When I moved out of my dorm during December, I brought home two suitcases, three very large boxes, five lamps, two laundry bags stuffed to the brim and a mini futon. This year I had every intention of packing lightly for school since I’d only be at Truman for a semester, and yet I overdid it.
Though a good chunk of what I had in my dorm room was clothes, a lot of the bulkiest and most difficult items to pack were the most important — knick-knacks, sorority paraphernalia, tons of picture frames, favorite books, canvases painted by friends, a giant tapestry and mementos from past travels.
These were the objects that turned my bland dorm room with depressingly bare walls into a cozy home that felt warm every time I returned. These objects inspired me, brought back pleasant memories and made me happy. They have always been worth the extra bulk.
But when I move to France for the semester, I won’t have the luxury of filling boxes upon boxes with my trinkets — my whole life will need to fit into a suitcase and a carry-on bag.
As I’ve been tackling the task of condensing my life down into approximately four cubic feet, it’s been difficult saying “no” to the large amount of objects that technically are impractical, but to which I am emotionally attached. I know I can’t afford the space, but I feel as if I’m not truly “moving” to Angers without them.
Part of me wonders if leaving these sentimental objects behind means I’m leaving a part of myself behind. After all, the memories they incite make me who I am today, and I don’t want to travel to a foreign land without a strong sense of myself.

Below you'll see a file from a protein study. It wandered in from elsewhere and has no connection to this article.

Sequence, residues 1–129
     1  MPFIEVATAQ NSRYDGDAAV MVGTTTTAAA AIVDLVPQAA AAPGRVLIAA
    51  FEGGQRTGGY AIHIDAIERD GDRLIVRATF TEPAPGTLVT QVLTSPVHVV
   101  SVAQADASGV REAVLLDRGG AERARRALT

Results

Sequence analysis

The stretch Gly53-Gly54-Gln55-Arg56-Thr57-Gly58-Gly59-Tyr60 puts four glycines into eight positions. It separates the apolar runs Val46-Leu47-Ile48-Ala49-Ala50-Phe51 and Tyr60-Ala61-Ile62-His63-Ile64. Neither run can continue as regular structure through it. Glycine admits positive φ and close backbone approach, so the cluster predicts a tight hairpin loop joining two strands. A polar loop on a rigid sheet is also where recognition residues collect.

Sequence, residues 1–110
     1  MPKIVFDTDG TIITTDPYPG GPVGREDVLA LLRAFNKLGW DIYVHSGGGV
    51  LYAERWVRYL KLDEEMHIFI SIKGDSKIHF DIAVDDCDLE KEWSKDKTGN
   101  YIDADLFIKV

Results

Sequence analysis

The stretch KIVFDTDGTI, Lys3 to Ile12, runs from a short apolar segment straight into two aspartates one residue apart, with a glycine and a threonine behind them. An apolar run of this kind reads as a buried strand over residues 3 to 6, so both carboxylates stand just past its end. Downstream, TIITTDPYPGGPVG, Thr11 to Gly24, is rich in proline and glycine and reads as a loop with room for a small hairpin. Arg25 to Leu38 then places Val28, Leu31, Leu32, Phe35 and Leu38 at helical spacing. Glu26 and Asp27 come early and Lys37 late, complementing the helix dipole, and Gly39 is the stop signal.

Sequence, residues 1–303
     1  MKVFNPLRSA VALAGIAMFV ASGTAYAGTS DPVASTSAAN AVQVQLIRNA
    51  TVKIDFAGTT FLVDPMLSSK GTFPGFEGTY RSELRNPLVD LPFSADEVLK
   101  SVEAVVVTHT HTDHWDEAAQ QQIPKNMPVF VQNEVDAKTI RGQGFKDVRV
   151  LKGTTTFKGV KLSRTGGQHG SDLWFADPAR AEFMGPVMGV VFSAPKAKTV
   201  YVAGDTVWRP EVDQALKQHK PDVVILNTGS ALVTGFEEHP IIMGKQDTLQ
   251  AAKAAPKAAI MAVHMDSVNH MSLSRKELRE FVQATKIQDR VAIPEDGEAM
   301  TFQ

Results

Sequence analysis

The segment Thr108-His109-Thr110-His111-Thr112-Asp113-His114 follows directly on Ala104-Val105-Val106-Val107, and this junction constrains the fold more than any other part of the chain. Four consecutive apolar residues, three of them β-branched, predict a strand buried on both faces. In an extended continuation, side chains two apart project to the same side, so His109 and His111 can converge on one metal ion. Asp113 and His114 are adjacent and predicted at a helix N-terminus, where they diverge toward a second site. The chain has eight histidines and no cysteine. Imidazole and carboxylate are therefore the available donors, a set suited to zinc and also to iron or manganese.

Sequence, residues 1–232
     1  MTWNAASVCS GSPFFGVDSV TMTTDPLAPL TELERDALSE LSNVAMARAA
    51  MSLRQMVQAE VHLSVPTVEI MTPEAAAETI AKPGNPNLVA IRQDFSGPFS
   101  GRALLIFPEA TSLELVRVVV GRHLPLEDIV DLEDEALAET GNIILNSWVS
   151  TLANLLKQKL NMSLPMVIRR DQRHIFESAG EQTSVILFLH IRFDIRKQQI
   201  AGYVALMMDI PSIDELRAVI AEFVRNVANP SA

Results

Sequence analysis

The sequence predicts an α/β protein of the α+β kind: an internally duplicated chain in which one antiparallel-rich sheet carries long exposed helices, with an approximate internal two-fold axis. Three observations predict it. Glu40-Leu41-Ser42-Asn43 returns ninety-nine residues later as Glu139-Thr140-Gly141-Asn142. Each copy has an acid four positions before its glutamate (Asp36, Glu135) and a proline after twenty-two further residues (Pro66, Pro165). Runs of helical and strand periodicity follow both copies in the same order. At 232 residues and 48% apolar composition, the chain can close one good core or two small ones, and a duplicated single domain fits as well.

At the same time, without these things I can be completely new, not tied down by bulky memories — both literally and figuratively. I’ll have room to find new inspirations and make new memories. I can’t grow if I’m holding on so tightly to the safety of the past.
Even if I could bring all of these objects with me, I probably wouldn’t want or need to, because when it comes down to it, they’re just things. It will be refreshing to know that if need be, I can get along without being weighed down by boxes of tangible nostalgia.
Though I’m afraid to leave behind all of the physical objects which have provided me with comfort during my two years living away from home, I will have to let my fear of missing my reminders of the past be outweighed by excitement for new memories.